Is Hydrogen Car Better Than Electric Car?

Category Electric Cars (BEVs) Hydrogen Cars (FCVs)
Emissions No tailpipe emissions; emissions depend on electricity generation source. No tailpipe emissions except water; emissions depend on hydrogen production method, often from natural gas.
Energy Efficiency High energy efficiency. Direct conversion of electricity to power is more efficient. Lower energy efficiency due to losses in hydrogen production, storage, and conversion.
Renewable Energy Integration Can be charged directly using renewable energy. Potential for battery storage to balance grid demand. Hydrogen can be produced using renewable energy and stored indefinitely, useful for grid management and long-term energy storage.
Infrastructure Well-established electric grid and growing charging infrastructure. Less developed; requires significant investment in production, storage, and filling stations.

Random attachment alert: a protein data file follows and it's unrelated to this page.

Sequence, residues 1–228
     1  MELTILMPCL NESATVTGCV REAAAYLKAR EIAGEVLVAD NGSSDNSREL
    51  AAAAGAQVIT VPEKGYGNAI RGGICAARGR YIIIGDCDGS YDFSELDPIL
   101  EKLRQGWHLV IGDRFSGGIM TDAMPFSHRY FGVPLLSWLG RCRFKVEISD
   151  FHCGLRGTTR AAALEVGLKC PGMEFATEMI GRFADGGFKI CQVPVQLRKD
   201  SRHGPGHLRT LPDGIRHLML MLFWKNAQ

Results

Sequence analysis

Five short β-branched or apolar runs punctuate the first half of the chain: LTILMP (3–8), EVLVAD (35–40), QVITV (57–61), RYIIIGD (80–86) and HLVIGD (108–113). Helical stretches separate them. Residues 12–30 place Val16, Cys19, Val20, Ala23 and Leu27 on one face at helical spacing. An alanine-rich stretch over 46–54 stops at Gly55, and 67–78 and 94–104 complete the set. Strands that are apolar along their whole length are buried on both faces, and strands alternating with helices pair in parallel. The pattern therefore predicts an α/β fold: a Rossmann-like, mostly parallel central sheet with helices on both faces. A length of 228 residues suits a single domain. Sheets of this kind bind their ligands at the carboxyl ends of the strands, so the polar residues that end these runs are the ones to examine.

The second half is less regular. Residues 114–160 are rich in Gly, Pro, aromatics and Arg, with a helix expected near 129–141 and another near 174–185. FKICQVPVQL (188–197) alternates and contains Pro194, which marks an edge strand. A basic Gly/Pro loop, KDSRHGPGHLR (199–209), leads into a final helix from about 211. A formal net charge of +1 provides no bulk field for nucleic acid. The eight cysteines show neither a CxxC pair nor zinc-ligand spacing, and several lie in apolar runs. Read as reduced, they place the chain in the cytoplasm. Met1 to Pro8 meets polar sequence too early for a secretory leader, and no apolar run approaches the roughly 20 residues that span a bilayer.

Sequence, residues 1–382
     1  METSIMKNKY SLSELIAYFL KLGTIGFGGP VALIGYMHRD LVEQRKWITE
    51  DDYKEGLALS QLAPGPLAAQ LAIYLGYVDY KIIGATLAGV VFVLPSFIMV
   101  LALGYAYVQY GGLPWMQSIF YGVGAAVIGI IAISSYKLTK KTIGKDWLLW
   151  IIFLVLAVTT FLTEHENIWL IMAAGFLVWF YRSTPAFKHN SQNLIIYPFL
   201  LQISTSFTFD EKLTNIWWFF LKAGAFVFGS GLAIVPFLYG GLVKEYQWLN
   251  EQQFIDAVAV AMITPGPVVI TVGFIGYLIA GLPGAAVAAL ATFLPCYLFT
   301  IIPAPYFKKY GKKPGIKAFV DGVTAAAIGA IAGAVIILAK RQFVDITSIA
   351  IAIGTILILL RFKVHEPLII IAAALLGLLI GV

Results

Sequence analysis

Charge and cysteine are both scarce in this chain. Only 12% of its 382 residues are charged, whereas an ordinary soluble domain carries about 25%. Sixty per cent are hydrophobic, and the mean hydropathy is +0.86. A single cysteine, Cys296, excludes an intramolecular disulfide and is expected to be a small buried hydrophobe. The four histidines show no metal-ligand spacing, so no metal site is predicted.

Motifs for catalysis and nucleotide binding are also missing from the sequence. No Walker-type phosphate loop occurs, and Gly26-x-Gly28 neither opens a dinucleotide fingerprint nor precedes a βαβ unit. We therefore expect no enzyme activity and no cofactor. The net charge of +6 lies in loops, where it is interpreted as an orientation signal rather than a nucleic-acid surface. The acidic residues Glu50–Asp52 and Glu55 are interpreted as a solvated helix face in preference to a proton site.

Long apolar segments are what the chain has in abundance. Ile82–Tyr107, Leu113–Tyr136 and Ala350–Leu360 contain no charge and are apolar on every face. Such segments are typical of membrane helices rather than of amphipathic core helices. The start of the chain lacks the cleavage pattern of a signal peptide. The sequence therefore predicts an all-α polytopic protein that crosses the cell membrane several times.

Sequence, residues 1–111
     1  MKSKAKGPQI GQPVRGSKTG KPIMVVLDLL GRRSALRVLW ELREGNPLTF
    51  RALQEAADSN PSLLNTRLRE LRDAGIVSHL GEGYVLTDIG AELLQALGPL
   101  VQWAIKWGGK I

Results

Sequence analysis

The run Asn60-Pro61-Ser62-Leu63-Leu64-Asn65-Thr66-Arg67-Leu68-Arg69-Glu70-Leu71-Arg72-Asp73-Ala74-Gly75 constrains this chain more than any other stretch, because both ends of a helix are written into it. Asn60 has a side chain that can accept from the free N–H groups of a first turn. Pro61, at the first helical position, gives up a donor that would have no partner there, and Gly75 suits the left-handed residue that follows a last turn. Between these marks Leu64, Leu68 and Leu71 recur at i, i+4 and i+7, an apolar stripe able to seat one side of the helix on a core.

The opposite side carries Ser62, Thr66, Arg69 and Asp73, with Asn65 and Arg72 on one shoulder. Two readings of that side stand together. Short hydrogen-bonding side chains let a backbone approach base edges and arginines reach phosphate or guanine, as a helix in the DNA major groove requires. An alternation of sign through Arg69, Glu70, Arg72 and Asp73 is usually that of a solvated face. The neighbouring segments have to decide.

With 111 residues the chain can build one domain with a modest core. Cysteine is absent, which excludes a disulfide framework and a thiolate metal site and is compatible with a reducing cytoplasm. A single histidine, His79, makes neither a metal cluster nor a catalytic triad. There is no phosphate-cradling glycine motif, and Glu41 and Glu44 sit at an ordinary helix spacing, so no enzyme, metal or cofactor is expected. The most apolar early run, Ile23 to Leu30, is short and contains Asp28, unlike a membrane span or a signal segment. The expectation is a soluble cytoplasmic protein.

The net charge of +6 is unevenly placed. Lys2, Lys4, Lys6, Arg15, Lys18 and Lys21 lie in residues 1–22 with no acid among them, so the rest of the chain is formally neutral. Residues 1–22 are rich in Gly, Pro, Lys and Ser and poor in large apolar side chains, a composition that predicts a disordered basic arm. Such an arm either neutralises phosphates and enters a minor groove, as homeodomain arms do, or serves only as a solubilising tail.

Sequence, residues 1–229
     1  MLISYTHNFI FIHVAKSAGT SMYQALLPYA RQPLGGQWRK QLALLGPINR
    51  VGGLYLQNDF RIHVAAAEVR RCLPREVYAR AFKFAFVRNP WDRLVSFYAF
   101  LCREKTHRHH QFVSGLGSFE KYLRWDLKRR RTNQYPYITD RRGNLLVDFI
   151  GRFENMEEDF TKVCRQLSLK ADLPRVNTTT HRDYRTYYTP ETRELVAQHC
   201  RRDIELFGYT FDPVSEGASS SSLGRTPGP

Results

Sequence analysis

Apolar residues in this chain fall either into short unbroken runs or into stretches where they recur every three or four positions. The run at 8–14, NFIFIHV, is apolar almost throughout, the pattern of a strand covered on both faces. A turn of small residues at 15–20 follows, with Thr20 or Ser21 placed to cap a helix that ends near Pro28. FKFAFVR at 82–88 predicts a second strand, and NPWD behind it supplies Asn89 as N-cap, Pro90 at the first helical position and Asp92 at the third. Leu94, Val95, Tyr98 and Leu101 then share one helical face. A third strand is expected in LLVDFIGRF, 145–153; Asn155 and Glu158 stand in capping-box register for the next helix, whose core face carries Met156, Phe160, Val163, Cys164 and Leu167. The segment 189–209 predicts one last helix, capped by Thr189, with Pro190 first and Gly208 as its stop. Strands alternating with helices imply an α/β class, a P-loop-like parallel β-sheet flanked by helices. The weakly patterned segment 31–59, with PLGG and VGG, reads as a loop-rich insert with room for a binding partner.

Current Viability Lower environmental impact due to better efficiency and established infrastructure. Higher potential impact, currently limited by the predominance of gray hydrogen production and infrastructure challenges.
Future Potential Continued improvements in battery technology and integration with renewable energy grids. Significant potential if green hydrogen production scales up and becomes cost-effective, especially for heavy transport and industry.

Presently, electric cars tend to have a lower environmental impact, primarily due to their greater energy efficiency and the more mature infrastructure for electricity generation and distribution compared to hydrogen.